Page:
Mean of X
--------+------------------------------------------------------------Constant|
-1.68303***
.08763
-19.207
.0000
EDUC|
.06993***
.00746
9.375
.0000
10.9707
FEMALE|
-.03065
.03199
-.958
.3379
.42277
--------+-------------------------------------------------------------
Part 2: Basic Econometrics [ 15/48]
Interesting Partial Effects
---------------------------------------------------------------------Ordinary
least squares regression ............
LHS=LOGINC
Mean
=
-.92882
Standard deviation
=
.47948
Number of observs.
=
887
Model size
Parameters
=
5
Degrees of freedom
=
882
Residuals
Sum of squares
=
171.87964
Standard error of e =
.44145
Fit
R-squared
=
.15618
Adjusted R-squared
=
.15235
Model test
F[ 4,
882] (prob) =
40.8(.0000)
Diagnostic
Log likelihood
=
-530.79258
Restricted(b=0)
=
-606.10609
Chi-sq [ 4] (prob) =
150.6(.0000)
Info criter. LogAmemiya Prd. Crt. =
-1.62978
--------+------------------------------------------------------------Variable| Coefficient
Standard Error b/St.Er. P[|Z|>z]
Mean of X
--------+------------------------------------------------------------Constant|
-5.26676***
.56499
-9.322
.0000
EDUC|
.06469***
.00730
8.860
.0000
10.9707
FEMALE|
-.03683
.03134
-1.175
.2399
.42277
AGE|
.15567***
.02297
6.777
.0000
50.4780
AGE2|
-.00161***
.00023
-7.014
.0000
2620.79
--------+-------------------------------------------------------------
E[ Income | x]
  Age  2 Age  Age2
Age
Part 2: Basic Econometrics [ 16/48]
Function: Log Income | Age
Partial Effect wrt Age
Part 2: Basic Econometrics [ 17/48]
A Statistical Relationship


A relationship of interest:
 Number of hospital visits: H = 0,1,2,…
 Covariates: x1=Age, x2=Sex, x3=Income, x4=Health
Causality and covariation
 Theoretical implications of ‘causation’
 Comovement and association
 Intervention of omitted or ‘latent’ variables
 Temporal relationship – movement of the “causal
variable” precedes the effect.
Part 2: Basic Econometrics [ 18/48]
Endogeneity


A relationship of interest:
 Number of hospital visits: H = 0,1,2,…
 Covariates: x1=Age, x2=Sex, x3=Income, x4=Health
Should Health be ‘Endogenous’ in this model?
 What do we mean by ‘Endogenous’
 What is an appropriate econometric method of
accommodating endogeneity?
Part 2: Basic Econometrics [ 19/48]
Models




Conditional mean function: E[y | x]
Other conditional characteristics – what is ‘the model?’
 Conditional variance function: Var[y | x]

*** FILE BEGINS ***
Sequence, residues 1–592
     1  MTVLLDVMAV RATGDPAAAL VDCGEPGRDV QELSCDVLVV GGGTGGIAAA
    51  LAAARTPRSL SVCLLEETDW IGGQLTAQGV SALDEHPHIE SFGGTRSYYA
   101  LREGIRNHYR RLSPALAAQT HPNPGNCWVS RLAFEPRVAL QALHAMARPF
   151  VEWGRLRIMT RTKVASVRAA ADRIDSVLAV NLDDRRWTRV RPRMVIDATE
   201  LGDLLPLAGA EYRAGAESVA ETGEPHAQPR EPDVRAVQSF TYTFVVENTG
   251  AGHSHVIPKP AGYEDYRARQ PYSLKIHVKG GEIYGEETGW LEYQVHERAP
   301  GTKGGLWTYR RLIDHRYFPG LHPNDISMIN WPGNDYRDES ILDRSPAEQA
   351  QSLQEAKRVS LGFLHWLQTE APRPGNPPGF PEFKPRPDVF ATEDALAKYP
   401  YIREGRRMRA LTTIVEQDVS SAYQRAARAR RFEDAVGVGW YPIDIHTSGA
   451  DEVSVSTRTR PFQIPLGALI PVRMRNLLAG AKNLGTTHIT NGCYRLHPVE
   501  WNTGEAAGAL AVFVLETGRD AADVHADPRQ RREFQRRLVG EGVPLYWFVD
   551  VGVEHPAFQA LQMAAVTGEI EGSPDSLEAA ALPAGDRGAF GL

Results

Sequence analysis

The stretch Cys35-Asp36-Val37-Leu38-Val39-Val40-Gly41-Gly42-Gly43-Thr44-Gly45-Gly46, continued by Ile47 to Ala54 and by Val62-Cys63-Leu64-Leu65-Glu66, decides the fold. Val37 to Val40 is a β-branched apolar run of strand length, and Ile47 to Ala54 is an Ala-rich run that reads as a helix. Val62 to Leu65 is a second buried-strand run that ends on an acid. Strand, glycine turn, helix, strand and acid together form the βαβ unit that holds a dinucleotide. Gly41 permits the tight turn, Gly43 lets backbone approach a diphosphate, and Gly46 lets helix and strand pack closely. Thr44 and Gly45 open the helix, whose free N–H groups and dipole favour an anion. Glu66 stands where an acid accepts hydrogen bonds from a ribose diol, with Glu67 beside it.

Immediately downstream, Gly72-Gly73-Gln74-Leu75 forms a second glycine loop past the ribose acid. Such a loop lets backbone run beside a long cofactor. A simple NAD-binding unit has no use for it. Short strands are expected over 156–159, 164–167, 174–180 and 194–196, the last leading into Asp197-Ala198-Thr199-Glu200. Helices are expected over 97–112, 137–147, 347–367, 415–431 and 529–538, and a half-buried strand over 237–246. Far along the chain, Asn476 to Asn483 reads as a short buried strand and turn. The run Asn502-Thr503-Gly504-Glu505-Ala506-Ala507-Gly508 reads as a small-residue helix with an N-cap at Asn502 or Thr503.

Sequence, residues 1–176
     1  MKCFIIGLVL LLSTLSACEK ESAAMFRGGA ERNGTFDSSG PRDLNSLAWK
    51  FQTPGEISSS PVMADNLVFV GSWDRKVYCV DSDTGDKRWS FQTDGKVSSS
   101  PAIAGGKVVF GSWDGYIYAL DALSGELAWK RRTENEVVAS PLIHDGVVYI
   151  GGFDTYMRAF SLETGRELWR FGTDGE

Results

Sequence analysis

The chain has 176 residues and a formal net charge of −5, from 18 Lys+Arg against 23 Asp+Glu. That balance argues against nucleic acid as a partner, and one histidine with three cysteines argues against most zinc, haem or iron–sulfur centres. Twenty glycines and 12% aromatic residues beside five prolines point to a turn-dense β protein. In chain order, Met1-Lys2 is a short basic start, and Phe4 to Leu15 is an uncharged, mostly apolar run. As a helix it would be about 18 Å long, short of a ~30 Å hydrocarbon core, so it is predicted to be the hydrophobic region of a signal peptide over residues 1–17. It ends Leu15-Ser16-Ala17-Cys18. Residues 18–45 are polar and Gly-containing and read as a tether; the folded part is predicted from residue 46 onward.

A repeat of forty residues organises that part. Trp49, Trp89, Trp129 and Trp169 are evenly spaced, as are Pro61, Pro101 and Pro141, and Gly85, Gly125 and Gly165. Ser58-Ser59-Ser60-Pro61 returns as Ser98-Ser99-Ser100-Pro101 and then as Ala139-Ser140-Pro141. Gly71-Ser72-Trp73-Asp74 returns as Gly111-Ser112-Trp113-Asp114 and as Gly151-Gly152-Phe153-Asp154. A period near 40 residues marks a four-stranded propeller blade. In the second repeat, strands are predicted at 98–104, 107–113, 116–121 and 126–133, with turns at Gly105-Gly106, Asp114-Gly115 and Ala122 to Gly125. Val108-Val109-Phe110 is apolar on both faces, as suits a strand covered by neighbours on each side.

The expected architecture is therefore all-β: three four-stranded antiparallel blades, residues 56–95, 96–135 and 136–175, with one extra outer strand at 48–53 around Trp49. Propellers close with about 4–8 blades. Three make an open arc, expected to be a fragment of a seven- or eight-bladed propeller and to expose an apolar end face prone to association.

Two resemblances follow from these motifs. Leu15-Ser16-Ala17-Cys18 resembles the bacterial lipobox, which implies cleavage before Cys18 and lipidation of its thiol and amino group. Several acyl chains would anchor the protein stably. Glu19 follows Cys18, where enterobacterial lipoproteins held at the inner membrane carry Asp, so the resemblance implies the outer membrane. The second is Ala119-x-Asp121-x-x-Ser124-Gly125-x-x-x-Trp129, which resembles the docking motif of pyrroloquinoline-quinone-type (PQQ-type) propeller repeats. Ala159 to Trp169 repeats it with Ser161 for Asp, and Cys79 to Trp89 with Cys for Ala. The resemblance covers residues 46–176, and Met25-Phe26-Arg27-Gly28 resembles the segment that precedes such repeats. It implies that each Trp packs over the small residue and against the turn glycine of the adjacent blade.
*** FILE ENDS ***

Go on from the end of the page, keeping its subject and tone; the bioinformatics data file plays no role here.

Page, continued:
 Conditional quantiles, e.g., median [y | x]
 Other conditional moments
Conditional probabilities: P(y|x)
What is the sense in which “y varies with x?”
Part 2: Basic Econometrics [ 20/48]
Using the Model

Understanding the relationship:



Estimation of quantities of interest such as elasticities
Prediction of the outcome of interest
Control of the path of the outcome of interest
Part 2: Basic Econometrics [ 21/48]
Application: Doctor Visits

German individual health care data: N=27,236
Model for number of visits to the doctor:
Poisson regression (fit by maximum likelihood)
E[V|Income]=exp(1.412 - .0745  income)
OLS Linear regression: g*(Income)=3.917 - .208  income


H istogr am
11152
for N um ber of D octor V isits
8364
Frequency

5576
2788
0
0
4
8
1 2 1 6 2 0 2 4 2 8 3 2 3 6 4 0 4 4 4 8 5 2 5 6 6 0 6 4 6 8 7 2 7 6 8 0 8 4 8 8 9 2 9 61 0 0
104
108
112
116
120
DOCV I S
Part 2: Basic Econometrics [ 22/48]
Conditional Mean
and Linear Projection
Projection and Conditional Mean Functions
4 .3 1
Function
3 .4 0
This area is
outside the range
of the data
2 .4 8
Most of the
data are in
here
1 .5 7
.6 6
-. 2 6
0
5
10
15
20
I NCOM E
CONDM E AN
P ROJ E CT N
Notice the problem with the linear projection. Negative predictions.
Part 2: Basic Econometrics [ 23/48]
What About the Linear Projection?


What we do when we linearly regress a variable
on a set of variables
Assuming there exists a conditional mean



There usually exists a linear projection. Requires
finite conditional variance of y.
Approximation to the conditional mean?
If the conditional mean is linear

Linear projection equals the conditional mean
Part 2: Basic Econometrics [ 24/48]
Partial Effects




What did the model tell us?
Covariation and partial effects: How does the y
“vary” with the x?
Partial Effects: Effect on what?????

For continuous variables

δ(x)=E[y|x]/x, usually not coefficients
For dummy variables
(x,d)=E[y|x,d=1] - E[y|x,d=0]
Elasticities: ε(x)=δ(x)  x / E[y|x]
Part 2: Basic Econometrics [ 25/48]
Average Partial Effects





When δ(x) ≠β, APE = Ex[δ(x)]=  (x)f(x)dx
x
Approximation: Is δ(E[x]) = Ex[δ(x)]? (no)
Empirically: Estimated
APE = (1 /N)Ni=1ˆ
(xi )
Empirical approximation: Est.APE = ̂(x)
For the doctor visits model




δ(x)= β exp(α+βx)=-.0745exp(1.412-.0745income)
Sample APE
= -.2373
Approximation
= -.2354
Slope of the linear projection = -.2083 (!)
Part 2: Basic Econometrics [ 26/48]
APE and PE at the Mean
δ(x)=E[y|x]/x, =E[x]
δ(x)  δ()+δ()(x-)+(1/2)δ()(x-)2 + 
E[δ(x)]=APE  δ() + (1/2)δ()2x
Implication: Computing the APE by averaging over observations (and